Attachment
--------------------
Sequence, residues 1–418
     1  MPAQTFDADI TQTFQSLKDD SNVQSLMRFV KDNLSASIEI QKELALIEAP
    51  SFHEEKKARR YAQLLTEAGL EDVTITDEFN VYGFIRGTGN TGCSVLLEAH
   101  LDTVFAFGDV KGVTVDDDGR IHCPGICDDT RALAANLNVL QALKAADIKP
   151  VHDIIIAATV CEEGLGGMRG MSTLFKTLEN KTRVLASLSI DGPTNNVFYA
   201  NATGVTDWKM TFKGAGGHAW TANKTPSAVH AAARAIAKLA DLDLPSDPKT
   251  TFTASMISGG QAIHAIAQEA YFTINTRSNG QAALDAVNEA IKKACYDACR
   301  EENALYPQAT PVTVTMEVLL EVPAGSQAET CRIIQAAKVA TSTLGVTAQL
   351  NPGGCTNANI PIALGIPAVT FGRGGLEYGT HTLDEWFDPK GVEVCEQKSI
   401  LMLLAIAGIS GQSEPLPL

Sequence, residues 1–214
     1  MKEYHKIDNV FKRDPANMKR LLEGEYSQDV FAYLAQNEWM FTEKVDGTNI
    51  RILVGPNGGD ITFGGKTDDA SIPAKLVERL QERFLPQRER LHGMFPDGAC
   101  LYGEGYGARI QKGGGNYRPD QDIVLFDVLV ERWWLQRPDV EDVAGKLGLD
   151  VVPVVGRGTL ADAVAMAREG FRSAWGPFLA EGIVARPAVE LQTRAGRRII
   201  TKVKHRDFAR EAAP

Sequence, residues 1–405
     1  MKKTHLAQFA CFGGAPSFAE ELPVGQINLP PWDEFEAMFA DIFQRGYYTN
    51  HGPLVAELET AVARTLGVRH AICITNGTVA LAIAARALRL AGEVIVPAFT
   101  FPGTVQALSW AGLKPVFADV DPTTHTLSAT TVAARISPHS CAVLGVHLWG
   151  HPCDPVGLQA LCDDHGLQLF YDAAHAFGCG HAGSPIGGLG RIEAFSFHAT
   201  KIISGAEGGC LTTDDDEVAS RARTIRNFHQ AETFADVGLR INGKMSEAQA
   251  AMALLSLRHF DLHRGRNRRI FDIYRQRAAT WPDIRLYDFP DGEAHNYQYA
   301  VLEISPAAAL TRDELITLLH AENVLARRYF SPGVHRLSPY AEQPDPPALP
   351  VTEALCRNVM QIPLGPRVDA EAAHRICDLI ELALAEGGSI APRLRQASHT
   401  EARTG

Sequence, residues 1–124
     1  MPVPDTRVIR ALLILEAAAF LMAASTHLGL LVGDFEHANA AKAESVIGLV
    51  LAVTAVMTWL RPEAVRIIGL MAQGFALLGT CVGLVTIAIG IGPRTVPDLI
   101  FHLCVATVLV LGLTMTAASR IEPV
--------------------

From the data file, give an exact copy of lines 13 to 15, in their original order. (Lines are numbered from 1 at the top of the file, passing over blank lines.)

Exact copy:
    51  RILVGPNGGD ITFGGKTDDA SIPAKLVERL QERFLPQRER LHGMFPDGAC
   101  LYGEGYGARI QKGGGNYRPD QDIVLFDVLV ERWWLQRPDV EDVAGKLGLD
   151  VVPVVGRGTL ADAVAMAREG FRSAWGPFLA EGIVARPAVE LQTRAGRRII